Competing islands limit the rate of adaptation in structured populations

Beneficial mutations can co-occur when population structure slows down adaptation. Here, we consider the process of adaptation in asexual populations distributed over several locations ("islands"). New beneficial mutations arise at constant rate u(b), and each mutation has the same selective advantage s > 0. We assume that populations evolve within islands according to the successional mutations regime of Desai and Fisher (2007), that is, the time to local fixation of a mutation is short compared to the expected waiting time until the next mutation occurs. To study the rate of adaptation, we introduce an approximate model, the successional mutations (SM) model, which can be simulated efficiently and yields accurate results for a wide range of parameters. In the SM model, mutations fix instantly within islands, and migrants can take over the destination island if they are fitter than the residents. For the special case of a population distributed equally across two islands with population size N, we approximate the model further for small and large migration rates in comparison to the mutation rate. These approximations lead to explicit formulas for the rate of adaptation which fit the original model for a large range of parameter values. For the d island case we provide some heuristics on how to extend the explicit formulas and check these with computer simulations. We conclude that the SM model is a good approximation of the adaptation process in a structured population, at least if mutation or migration is limited. (c) 2013 Elsevier Inc. All rights reserved.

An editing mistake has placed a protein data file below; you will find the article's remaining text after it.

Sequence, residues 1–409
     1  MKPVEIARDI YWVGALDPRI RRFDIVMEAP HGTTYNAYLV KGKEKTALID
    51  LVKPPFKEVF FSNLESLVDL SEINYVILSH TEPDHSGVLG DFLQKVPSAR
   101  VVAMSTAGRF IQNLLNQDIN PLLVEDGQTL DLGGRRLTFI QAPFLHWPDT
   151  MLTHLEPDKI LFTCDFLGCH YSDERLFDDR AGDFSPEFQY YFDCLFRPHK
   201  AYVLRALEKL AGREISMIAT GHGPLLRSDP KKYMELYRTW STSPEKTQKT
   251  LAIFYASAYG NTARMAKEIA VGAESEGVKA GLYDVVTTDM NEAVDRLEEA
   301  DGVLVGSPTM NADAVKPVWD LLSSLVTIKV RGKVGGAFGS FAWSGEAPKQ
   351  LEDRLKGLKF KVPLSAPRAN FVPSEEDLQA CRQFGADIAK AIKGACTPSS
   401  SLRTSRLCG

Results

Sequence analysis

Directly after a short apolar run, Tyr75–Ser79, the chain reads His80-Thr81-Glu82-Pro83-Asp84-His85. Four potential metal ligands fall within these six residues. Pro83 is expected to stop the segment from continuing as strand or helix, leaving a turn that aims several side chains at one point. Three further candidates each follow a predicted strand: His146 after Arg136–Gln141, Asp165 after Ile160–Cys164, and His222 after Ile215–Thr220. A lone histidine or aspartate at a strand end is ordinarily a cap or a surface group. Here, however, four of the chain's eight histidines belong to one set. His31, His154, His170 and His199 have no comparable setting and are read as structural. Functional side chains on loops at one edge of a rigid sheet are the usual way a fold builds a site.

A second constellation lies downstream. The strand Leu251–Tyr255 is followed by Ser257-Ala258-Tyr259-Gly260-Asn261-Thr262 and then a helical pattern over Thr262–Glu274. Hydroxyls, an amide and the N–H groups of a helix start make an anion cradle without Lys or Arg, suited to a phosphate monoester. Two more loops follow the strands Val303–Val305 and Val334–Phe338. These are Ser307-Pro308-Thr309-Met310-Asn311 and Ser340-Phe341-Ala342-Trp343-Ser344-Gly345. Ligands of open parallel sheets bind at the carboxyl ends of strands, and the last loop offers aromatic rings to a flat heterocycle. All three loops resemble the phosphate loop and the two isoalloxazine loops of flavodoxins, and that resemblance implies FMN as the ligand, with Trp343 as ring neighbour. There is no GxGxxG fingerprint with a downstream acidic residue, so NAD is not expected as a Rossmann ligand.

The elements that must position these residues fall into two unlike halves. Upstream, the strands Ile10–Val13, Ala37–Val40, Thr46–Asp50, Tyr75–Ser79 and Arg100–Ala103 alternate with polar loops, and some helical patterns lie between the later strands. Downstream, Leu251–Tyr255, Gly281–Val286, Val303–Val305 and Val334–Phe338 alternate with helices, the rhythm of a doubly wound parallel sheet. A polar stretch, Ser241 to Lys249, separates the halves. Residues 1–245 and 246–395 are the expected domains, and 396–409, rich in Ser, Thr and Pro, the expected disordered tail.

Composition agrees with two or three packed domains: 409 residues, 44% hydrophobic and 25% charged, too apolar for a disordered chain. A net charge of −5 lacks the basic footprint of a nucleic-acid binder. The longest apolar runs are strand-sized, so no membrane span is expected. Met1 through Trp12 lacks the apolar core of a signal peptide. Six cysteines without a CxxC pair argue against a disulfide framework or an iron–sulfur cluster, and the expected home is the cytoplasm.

Published in:
Theoretical Population Biology, 90, 1-11
San Diego, Elsevier

 Record created 2014-01-09, last modified 2018-01-28

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